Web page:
Building Community: Why you need to find your tribe

This post is part 2 in a series. Check out part 1 here.

I am fully aware of the variety of personalities out there–introverts, extroverts, talkers, thinkers, feelers. We are not a “one size fits all” species for sure. But I maintain that a healthy and active tribe is vital to each one of us. We need community.

Of course, our communities will all look different from each other. Some are large and loud, others made up of a few quiet individuals. Some are made up of brothers, sisters, cousins, grandparents–the Braverman clan come to life. Some are forged through bonds of friendship, shared experiences linking us together. Communities may form in a neighborhood over coffee and play dates, or across the world as people seek like-minded friends on Facebook and Instagram.

But big or small, local or global, we are all meant to live in community. “No man is an island,” declared John Donne. We are connected to each other, and we need to seek out our tribe and love them well.

we need community

 

We were made for this

From the very beginning, God said, “It is not good that the man should be alone” (Genesis 2:18 ESV). In order to fully understand the impact of this statement, we need to look at what had happened in the world thus far. God had just spent six days creating–light and darkness, heaven and earth, sun and moon, plants, animals, and man. (Don’t get picky with me on the order. You get the idea.) And at the end of each day, He declared his work to be good. Yet when He put Adam in the garden to work, God observed, “It is not good…” God knew Adam wasn’t meant to live alone. He has created people to need each other.

Over and over the Bible reminds us of our need for community. We are encouraged to bear each other’s burdens. We are exhorted to spur one another on to good deeds. We are called to comfort one another. We are created to need each other.

But why? What exactly does a tribe provide?

 

We need support

I told you earlier about the way we were supported when Joey was first diagnosed. Our friends rallied around us and gave us the strength to keep going when life felt overwhelming. Their support met a physical need, but also much more. The meals and household help were very much appreciated, but we could have managed if we’d had to do that ourselves.

But the true gift wasn’t in a casserole dish or a neatly folded shirt. What we needed was to know that we weren’t alone, that other people were there in it with us. Every time someone showed up at my door, I knew they had other ways they could be spending their time. Instead, they made the conscious choice to say, “I see you. I’m here. I can’t take this away, but I can keep you from going through it alone.”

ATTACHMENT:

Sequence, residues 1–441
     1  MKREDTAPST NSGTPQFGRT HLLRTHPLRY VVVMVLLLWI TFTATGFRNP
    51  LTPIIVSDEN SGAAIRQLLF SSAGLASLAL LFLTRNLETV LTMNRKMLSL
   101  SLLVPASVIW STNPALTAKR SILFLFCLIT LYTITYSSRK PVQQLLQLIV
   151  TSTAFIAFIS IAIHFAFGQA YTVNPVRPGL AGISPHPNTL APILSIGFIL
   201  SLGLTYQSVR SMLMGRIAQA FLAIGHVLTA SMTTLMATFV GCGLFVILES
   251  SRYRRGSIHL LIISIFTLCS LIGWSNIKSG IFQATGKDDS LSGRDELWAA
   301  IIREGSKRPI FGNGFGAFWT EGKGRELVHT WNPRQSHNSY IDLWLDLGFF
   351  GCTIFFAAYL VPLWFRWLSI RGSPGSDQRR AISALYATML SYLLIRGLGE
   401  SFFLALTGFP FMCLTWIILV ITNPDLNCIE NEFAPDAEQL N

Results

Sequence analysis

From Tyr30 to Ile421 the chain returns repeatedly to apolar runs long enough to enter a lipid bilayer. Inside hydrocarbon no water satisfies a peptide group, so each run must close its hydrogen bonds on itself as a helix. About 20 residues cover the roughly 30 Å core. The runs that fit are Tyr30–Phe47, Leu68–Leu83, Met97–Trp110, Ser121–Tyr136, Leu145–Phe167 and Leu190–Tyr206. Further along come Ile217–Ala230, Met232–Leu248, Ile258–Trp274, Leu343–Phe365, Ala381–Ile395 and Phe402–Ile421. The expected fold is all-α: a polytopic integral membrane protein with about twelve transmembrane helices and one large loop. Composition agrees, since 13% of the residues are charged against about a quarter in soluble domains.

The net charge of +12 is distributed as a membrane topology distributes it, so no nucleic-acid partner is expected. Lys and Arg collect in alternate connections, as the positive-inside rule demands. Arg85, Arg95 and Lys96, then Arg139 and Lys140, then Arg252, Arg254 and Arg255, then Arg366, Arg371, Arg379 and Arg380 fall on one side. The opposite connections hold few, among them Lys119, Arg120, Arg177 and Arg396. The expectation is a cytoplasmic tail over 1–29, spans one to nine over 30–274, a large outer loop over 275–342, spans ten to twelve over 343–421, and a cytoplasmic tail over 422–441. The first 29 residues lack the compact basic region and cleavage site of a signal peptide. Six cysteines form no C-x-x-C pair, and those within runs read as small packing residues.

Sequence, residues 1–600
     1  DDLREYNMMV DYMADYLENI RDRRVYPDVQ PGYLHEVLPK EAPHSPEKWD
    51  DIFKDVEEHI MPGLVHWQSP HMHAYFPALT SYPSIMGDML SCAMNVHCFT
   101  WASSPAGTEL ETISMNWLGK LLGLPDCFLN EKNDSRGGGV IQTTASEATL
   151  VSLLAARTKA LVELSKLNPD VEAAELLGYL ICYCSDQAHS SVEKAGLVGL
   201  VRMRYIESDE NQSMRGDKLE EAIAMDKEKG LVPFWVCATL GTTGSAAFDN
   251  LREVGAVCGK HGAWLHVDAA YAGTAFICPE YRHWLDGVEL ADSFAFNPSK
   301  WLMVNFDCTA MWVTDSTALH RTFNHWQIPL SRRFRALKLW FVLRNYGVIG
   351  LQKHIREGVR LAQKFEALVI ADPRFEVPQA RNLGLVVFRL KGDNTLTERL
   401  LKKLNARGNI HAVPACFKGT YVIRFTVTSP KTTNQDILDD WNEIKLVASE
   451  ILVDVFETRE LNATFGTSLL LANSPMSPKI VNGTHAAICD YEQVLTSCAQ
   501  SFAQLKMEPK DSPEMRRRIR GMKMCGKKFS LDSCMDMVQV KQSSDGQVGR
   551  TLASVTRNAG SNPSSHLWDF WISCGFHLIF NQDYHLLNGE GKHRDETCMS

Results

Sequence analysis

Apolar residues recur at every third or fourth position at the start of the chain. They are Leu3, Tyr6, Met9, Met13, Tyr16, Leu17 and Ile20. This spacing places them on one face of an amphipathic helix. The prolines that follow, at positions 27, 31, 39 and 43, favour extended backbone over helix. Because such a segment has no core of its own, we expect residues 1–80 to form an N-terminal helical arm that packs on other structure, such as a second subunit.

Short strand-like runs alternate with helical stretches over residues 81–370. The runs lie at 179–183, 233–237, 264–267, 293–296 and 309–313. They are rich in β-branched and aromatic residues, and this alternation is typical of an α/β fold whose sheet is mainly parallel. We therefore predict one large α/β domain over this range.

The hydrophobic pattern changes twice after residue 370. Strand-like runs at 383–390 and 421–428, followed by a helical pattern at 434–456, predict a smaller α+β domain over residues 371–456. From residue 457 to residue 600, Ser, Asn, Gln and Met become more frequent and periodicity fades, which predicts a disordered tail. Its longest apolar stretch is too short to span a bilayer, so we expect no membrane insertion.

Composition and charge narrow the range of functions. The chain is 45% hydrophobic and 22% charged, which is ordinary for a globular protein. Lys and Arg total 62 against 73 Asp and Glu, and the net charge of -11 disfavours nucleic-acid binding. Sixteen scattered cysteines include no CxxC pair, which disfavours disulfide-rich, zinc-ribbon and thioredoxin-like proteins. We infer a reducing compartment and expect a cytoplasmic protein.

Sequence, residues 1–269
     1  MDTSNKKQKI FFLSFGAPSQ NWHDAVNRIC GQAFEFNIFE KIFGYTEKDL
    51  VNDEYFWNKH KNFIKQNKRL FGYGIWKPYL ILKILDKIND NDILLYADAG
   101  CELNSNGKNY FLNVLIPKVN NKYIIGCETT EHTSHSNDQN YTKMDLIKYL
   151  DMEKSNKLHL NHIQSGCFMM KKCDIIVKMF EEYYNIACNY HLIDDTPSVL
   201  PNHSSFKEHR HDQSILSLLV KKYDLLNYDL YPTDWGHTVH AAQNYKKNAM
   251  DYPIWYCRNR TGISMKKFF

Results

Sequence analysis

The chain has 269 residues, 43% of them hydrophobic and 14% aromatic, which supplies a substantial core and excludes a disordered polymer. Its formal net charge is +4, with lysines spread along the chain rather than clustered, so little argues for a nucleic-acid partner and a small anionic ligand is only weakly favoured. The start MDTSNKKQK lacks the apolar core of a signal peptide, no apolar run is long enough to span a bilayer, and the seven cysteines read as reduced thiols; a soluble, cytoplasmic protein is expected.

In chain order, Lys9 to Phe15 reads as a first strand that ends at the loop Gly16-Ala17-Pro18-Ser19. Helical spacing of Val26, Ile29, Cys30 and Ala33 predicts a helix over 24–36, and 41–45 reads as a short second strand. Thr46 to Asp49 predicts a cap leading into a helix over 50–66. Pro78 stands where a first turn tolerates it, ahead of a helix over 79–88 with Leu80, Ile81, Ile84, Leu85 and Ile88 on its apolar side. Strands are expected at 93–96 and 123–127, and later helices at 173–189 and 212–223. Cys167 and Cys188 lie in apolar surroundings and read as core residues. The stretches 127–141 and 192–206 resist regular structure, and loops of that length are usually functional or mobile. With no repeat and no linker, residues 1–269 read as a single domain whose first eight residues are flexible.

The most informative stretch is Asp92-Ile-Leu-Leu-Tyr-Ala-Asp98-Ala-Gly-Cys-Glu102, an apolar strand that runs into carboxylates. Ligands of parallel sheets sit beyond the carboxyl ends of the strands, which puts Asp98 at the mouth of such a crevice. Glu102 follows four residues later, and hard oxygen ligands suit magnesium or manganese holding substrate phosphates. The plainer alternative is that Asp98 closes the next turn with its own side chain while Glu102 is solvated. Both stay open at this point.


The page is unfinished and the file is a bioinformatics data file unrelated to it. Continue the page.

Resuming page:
We need accountability

Let’s be honest. We’ve all had times when we convinced ourselves a bad decision was a good one–a great one, even. We’ve all spouted off angrily or jumped in too quickly or quit too easily.

A solid community provides accountability. We need that friend who says, “I get it. I completely understand why you’re so upset. But let’s take a deep breath and think it through before you do anything you’ll regret.” Sometimes we just need someone to talk us off the ledge.

Then again, at times we take the leap anyway and are blindsided by the consequences. And we need that same friend to walk beside us, not excusing our mistakes, but encouraging us to learn and grow from them.

 

We need “me too”

But my favorite thing about community is the “me too.” As CS Lewis said, “Friendship is born at that moment when one person says to another, ‘What! You too? I thought that no one but myself…’”

I joined a MOPS group when Grace, my oldest, was just six months old. I was thankful for the chance to come together with other moms, but I still felt a little separate, a little outside of the group. One Tuesday morning, I arrived early, and the group coordinator was the only other person there. After a tough morning, I decided to timidly reach out, “You know, I didn’t realize I could get angry at someone so small.” And I waited for this woman to look at me like I had three heads.

Instead, she nodded emphatically, her eyes wide. “Yes! You are definitely not alone in that! We’ve actually had a speaker come in to talk about anger before, but it’s been a while. That would be a great topic to cover.” You guys, I wasn’t alone! I offered up a part of myself, and I got a helping hand! Immediately, MOPS began to feel more and more like home. Before long, I was a member of the leadership team. MOPS (and specifically, the women there) saved me during the years when felt like I was drowning in motherhood. A simple “me too” creates a powerful bond.

 

But how?

A healthy community, whether big or small, is vital to each one of us. Some of you are nodding your heads, thankful for your tribe. Others might feel discouraged and lonely. I know that I need a community. I just can’t seem to figure out how to find one! So let’s talk more about how to find your tribe… next time.

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